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VOL. 45 | NO. 27 | Friday, July 2, 2021

One chord and the truth: Learning guitar late is hard

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Despite being profoundly unmusical, with compromised dexterity, I’ve decided to buy a guitar and try to learn to play.

Given those shortcomings, one might well ask: Why?

For starters, it would improve my Music City cred. And it would help me answer the question I’ve been getting for the past five years or so: So, now that you’re retired, how do you spend your time?

No response I’ve given so far has appeared to satisfy inquisitors who seem to think I should be helping build clinics in Haiti or teaching creative writing to prison inmates. Neither of which I am qualified to do.

“I’m learning to play the guitar” has an aspirational quality. It speaks of hope, without making any promises.

Also, as Jane Brody recently noted in a New York Times health column, among the ways to stave off mental decline as the years pile up is “doing things that are cognitively new and challenging to the brain, like learning a new language or a musical instrument.”

I’ve tried the new language bit, Spanish, off and on since college. Fifty years. Can I speak it? Un poco. A little.

And then there’s ego. At times, it seems like nine out of every 10 guys I know play the guitar, to one level of competence or another. How complicated could it be? I’ve read that just a few chords will see you through a lot of songs. My wife did caution me on that, though:

“You have to play them in order,” she says.

In choosing the guitar I passed on other stringed instruments like banjo, mandolin and ukulele. The first two seemed to offer limited range; it’s hard to imagine playing “Imagine” on one. And the uke, well, it looks like a toy guitar. No offense, toy guitar players.

Still, there remained the choice of what type of guitar to buy. For advice on that, and learning to play in general, I turned to my profoundly musical friend Tommy Goldsmith, who has built twin careers out of journalism and music. He was very encouraging about the guitar.

“I heartily recommend it. There’s just nothing like it,” he says.

He was less encouraging about the specific guitar I asked him about. I never considered an electric model, figuring that would be like starting with a motorcycle when you can’t even ride a bike. Plus, I suspect the sounds I might produce would not benefit from amplification.

Still, the acoustic model I’d focused on had steel strings. Those strings, particularly for a beginner, pose finger pain issues, Tommy explains. That’s why a lot of people start with a nylon string version. He advised a folk, or classical, guitar.

“It’s not a manly man’s or a womanly woman’s guitar, particularly,” he adds, but I can live with that to save my fingers.

He went on to describe his own long history with the guitar, going back to age 12 or so, spending hours alone or with similarly devoted friends in those early times, playing the same four or five songs over and over and over again.

It’s a matter of finger memory, he says. Learning not only how to play chords, but also how to change chords. How to strike a string with a finger or pick. Proper timing. (He suggests a metronome.) Being in tune. (He suggests a tuner.)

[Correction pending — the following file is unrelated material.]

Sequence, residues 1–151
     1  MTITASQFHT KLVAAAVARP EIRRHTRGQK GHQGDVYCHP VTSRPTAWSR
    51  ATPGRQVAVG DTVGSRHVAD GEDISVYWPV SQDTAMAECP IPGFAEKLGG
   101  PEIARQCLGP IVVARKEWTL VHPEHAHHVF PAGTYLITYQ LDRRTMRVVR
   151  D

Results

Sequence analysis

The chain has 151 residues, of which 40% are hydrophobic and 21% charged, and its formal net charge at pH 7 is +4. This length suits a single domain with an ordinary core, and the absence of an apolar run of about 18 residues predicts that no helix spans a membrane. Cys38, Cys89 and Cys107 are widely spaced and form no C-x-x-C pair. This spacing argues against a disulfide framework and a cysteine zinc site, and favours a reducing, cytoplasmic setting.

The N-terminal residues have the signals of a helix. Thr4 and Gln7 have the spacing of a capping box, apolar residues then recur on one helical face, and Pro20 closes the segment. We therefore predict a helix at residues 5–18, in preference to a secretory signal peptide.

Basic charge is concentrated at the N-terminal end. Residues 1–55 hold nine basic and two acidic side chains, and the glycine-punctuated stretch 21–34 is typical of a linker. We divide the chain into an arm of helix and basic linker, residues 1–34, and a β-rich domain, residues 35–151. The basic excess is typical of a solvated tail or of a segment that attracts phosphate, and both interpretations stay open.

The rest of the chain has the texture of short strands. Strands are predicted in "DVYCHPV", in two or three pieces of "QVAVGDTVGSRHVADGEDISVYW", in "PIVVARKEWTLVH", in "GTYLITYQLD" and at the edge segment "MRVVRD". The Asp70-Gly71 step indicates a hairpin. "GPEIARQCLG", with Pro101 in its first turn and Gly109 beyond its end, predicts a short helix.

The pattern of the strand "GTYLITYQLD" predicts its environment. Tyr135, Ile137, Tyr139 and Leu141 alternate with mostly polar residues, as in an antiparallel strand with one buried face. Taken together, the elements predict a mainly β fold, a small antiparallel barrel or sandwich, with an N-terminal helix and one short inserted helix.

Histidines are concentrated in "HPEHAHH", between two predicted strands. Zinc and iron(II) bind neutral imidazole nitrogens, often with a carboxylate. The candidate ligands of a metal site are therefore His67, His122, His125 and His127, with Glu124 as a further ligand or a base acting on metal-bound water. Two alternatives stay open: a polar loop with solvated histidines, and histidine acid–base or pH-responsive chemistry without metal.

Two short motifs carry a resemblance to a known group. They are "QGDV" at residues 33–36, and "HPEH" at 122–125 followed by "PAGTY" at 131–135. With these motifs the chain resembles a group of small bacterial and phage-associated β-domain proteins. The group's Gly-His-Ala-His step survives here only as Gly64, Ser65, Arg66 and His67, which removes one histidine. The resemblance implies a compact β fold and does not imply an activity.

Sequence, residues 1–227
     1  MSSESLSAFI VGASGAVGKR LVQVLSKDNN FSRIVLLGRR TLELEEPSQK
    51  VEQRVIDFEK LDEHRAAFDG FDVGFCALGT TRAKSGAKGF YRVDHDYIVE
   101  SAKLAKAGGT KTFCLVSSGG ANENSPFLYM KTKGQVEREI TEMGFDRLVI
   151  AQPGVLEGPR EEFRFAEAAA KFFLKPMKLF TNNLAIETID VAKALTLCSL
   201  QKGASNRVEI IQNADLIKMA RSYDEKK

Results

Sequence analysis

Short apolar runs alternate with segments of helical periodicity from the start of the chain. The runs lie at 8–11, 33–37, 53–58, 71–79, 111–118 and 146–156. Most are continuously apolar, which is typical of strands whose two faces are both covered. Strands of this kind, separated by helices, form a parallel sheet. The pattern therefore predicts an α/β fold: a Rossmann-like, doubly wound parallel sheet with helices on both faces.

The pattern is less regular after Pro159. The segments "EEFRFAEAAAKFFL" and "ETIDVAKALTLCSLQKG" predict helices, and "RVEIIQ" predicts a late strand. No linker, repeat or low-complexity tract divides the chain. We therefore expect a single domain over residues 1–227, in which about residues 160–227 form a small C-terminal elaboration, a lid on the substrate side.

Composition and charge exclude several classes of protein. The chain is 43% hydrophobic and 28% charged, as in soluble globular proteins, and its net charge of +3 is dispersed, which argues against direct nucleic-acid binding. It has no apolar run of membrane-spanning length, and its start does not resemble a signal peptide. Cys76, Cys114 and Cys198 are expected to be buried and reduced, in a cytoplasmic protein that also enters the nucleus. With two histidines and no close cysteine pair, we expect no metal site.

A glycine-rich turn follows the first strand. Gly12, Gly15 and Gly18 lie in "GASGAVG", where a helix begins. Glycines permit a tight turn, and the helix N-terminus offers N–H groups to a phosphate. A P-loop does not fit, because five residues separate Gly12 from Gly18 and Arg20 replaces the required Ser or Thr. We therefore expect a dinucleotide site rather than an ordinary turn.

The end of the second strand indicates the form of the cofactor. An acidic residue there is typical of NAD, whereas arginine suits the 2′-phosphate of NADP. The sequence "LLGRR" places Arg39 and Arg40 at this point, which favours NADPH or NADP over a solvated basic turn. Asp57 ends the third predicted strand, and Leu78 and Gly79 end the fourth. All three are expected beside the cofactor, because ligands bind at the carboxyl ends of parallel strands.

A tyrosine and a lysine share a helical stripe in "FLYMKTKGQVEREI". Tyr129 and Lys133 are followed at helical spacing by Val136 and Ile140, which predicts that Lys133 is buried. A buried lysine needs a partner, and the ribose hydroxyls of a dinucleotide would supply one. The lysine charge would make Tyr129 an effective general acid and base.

And, of course, it involves practice, practice, practice, if the goal is to achieve some measure of success down the road.

“I guess it could take you a year, maybe, but after some not too awful period you could, like, play the lick to ‘Daytripper,’ which is not super easy, but it’s not super hard, either.”

He also reinforces the notion that it doesn’t take a mastery of all the chords to play. Good thing, since I’ve read that there are thousands possible.

“There’s a number of Bob Dylan songs you can play with three or four chords,” he says. “Endless numbers of Hank Williams and great country and bluegrass songs you could play with three or four chords.”

That simplicity is the sort of thing that attracts a lot of people to the guitar, Tommy says. “I mean, you can’t really do that on a French horn or oboe.”

(My wife, by the way, played the French horn in high school. She has not kept up the practice.)

Tommy, who has been playing before audiences for decades, was more ambitious than I am about what I might be able to accomplish. He raised the possibility of working up to playing for folks at a church fellowship hall, say, or around the proverbial campfire. Singing, even.

Tommy has never heard me sing. In any event, my aim is not that high. I’d be happy being able to strum along to “Build Me Up, Buttercup.” The notion of plucking out single notes gives me pause.

And even if it all proves a dismal failure – if my mastery stalls at two chords, with 10 seconds needed to get from one to the other – a guitar still has inherent functions it performs even in silence: It’s an excellent conversation piece and item of room decor.

“Oh, do you play?” a visitor seeing it might ask.

“Un poco,” I could respond, suggesting a Clapton-like humility.

Joe Rogers is a former writer for The Tennessean and editor for The New York Times. He is retired and living in Nashville. He can be reached at jrogink@gmail.com

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